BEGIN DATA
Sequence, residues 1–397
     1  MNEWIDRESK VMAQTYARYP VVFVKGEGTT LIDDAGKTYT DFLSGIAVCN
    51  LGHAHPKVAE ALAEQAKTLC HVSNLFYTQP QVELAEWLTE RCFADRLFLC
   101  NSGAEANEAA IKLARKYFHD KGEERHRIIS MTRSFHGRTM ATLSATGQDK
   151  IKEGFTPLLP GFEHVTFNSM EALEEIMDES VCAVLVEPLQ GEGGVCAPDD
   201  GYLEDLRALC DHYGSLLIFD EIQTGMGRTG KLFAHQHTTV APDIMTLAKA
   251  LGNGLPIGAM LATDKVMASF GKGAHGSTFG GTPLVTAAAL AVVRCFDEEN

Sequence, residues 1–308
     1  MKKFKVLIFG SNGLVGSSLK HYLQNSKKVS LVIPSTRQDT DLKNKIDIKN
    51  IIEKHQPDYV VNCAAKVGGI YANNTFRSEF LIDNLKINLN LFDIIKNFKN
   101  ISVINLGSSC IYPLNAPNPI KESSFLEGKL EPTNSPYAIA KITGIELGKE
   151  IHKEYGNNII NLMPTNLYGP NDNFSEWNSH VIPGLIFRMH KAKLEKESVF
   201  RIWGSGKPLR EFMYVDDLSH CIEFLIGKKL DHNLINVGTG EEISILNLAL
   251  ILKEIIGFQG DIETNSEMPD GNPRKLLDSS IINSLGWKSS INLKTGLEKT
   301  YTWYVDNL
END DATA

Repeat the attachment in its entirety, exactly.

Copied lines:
Sequence, residues 1–397
     1  MNEWIDRESK VMAQTYARYP VVFVKGEGTT LIDDAGKTYT DFLSGIAVCN
    51  LGHAHPKVAE ALAEQAKTLC HVSNLFYTQP QVELAEWLTE RCFADRLFLC
   101  NSGAEANEAA IKLARKYFHD KGEERHRIIS MTRSFHGRTM ATLSATGQDK
   151  IKEGFTPLLP GFEHVTFNSM EALEEIMDES VCAVLVEPLQ GEGGVCAPDD
   201  GYLEDLRALC DHYGSLLIFD EIQTGMGRTG KLFAHQHTTV APDIMTLAKA
   251  LGNGLPIGAM LATDKVMASF GKGAHGSTFG GTPLVTAAAL AVVRCFDEEN

Sequence, residues 1–308
     1  MKKFKVLIFG SNGLVGSSLK HYLQNSKKVS LVIPSTRQDT DLKNKIDIKN
    51  IIEKHQPDYV VNCAAKVGGI YANNTFRSEF LIDNLKINLN LFDIIKNFKN
   101  ISVINLGSSC IYPLNAPNPI KESSFLEGKL EPTNSPYAIA KITGIELGKE
   151  IHKEYGNNII NLMPTNLYGP NDNFSEWNSH VIPGLIFRMH KAKLEKESVF
   201  RIWGSGKPLR EFMYVDDLSH CIEFLIGKKL DHNLINVGTG EEISILNLAL
   251  ILKEIIGFQG DIETNSEMPD GNPRKLLDSS IINSLGWKSS INLKTGLEKT
   301  YTWYVDNL